PAAC Chairman Dr. Wykeham McNeill and Audrey Sewell, Permanent Secretary in the Office of the Prime Minister
A parliamentary committee is probing whether there was any nepotism involved in the hiring of a company by controversy plagued National Energy Solutions Limited (NESol) to carry out a multi-million dollar project.
The issue came up Wednesday during a meeting of Parliament's Public Administration and Appropriations Committee (PAAC).
Last week, the PAAC was told that Peak Energy Solutions was contracted by NESol, and was paid more than $12 million for work it claimed had been done.
The money was paid despite the absence of a contract.
On Wednesday, PAAC Chairman Dr. Wykeham McNeill said he was very concerned, especially after learning that former NESol boss Carolyn Warren, and the head of the contracted company, Lenny Gordon, were former co-workers at media entity Nationwide News Network.
Mr. Gordon was the General Manager of Nationwide News Network. He resigned following questions of Peak Energy Solutions' involvement with NESol.
Dr. McNeill said it is important to know whether the contract had been put to tender and whether the relationship between Mr. Gordon and Ms Warren influenced the process.
It is understood that Peak Energy was formed in June 2017 and worked on 19 community access point sites from October 2017 to July this year.
The work was verified by NESol's then operations engineer, Laurence Pommels, who has since been arrested by the police after he was allegedly found with more than $35 million in cash.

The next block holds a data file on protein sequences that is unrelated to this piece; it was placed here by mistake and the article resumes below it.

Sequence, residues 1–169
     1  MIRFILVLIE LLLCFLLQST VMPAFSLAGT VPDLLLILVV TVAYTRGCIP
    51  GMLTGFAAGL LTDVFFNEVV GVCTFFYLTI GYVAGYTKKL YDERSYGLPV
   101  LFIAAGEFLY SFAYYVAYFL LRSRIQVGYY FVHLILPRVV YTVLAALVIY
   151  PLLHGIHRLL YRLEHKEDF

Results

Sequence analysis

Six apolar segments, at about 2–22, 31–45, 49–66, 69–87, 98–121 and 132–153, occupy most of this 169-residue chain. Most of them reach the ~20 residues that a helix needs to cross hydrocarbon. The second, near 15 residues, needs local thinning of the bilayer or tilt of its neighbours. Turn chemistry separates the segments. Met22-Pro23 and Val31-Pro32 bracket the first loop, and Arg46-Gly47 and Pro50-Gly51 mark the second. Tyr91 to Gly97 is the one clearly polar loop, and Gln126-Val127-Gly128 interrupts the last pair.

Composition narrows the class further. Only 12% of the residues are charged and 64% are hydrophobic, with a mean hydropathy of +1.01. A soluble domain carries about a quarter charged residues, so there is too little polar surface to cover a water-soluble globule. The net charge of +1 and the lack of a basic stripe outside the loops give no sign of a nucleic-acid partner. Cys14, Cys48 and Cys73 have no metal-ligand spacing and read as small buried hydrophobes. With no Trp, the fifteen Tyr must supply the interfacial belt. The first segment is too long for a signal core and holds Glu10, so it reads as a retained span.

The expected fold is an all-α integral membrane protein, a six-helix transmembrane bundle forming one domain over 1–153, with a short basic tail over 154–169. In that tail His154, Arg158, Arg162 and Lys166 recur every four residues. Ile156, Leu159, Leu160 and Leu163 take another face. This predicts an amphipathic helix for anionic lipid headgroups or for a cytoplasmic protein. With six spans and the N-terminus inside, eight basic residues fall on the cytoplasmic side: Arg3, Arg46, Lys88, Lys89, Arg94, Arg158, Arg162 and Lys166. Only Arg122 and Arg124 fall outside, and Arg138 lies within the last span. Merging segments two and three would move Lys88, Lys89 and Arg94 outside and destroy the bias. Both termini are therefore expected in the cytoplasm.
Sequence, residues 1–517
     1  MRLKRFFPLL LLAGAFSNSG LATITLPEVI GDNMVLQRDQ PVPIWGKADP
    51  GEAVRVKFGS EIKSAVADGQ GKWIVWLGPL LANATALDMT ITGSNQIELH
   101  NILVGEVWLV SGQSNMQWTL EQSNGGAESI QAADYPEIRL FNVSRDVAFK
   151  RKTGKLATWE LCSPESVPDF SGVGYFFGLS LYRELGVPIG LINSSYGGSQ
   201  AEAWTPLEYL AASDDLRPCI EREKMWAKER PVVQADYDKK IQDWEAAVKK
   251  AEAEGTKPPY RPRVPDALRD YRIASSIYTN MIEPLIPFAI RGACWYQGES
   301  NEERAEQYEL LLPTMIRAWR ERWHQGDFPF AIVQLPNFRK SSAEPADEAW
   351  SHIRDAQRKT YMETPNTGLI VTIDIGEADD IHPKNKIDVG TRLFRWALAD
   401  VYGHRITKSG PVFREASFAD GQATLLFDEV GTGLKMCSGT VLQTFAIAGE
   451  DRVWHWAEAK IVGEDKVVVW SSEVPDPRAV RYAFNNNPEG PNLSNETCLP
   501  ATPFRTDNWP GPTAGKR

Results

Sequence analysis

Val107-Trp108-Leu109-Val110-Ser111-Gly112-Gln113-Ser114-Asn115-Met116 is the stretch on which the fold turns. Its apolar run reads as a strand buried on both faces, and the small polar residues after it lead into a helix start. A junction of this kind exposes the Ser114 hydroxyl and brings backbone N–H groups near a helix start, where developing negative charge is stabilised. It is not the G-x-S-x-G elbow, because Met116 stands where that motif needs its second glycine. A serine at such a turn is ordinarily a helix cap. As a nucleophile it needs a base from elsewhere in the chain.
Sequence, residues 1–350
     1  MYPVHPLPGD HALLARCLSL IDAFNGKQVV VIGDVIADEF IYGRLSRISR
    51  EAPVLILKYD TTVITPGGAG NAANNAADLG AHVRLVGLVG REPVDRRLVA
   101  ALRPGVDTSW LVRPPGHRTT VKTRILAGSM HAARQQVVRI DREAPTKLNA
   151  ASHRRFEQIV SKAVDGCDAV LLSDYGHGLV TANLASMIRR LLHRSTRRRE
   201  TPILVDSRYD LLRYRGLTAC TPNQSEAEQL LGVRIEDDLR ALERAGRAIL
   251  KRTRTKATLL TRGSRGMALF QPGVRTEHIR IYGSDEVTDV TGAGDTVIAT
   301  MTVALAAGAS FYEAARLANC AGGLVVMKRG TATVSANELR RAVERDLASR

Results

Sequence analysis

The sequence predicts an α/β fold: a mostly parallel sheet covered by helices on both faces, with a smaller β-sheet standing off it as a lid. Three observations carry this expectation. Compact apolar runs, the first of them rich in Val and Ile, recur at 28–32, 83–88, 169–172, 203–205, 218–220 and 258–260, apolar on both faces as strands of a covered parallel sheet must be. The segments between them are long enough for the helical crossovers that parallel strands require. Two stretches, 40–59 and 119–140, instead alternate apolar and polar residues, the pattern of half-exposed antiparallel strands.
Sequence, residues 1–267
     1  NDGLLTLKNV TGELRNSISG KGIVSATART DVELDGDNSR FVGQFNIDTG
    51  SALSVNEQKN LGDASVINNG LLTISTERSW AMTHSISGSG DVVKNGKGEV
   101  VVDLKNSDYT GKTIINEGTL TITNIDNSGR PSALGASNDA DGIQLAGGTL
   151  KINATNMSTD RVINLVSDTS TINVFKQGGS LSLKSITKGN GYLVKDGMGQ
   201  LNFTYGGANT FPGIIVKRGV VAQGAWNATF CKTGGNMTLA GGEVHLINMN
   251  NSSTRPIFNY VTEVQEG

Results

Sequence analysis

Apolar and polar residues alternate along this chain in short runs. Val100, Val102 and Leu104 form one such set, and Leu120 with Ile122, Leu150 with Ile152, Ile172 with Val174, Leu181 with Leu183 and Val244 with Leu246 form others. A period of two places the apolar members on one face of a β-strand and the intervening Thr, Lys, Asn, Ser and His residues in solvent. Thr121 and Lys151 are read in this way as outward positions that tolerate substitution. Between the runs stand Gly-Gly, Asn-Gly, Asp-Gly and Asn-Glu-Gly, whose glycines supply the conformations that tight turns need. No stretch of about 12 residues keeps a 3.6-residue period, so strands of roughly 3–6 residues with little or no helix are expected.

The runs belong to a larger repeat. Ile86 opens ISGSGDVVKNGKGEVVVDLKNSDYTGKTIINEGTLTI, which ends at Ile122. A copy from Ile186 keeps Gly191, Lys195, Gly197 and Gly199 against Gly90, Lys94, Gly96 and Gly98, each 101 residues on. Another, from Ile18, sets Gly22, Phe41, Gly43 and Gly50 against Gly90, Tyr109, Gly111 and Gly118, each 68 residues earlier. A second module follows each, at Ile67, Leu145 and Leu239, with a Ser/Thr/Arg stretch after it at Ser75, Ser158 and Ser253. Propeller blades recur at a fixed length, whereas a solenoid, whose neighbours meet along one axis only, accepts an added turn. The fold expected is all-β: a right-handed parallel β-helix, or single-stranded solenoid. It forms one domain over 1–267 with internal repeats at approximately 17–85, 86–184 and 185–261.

Meanwhile, another attempt will be made to get the former heads of two agencies mired in the corruption scandal which enveloped the former Ministry of Science, Technology and Energy to appear before the PAAC.
They failed to show up at Wednesday's sitting of the Committee.
Former NESoL boss Carolyn Warren and Camille Buchanan, the former chief executive officer of the Universal Service Fund (USF) sent their apologies citing short notices from the PAAC.
Robert Lawrence, Chairman of the USF, as well as NESol Chairman Oswald Williams were also unable to attend.
Dr. McNeill said, while their responses indicate their willingness to come, two week notices will be sent to the individuals to face the committee. He noted that the PAAC has the power to summon any current or former public sector employee under the provisions of Section 9 and Section 12 of the constitution.
In the meantime, Audrey Sewell, Permanent Secretary in the Office of the Prime Minister, has taken issue with a suggestion that she should respond to issues of corruption in agencies which fall under the ministry.
She dismissed the suggestion made by PAAC Member Fitz Jackson, arguing that that responsibility should fall on the chairmen of the respective boards.
"Permanent secretaries get a lot of flack for things that, by law, we have no authority, no power to address," she asserted.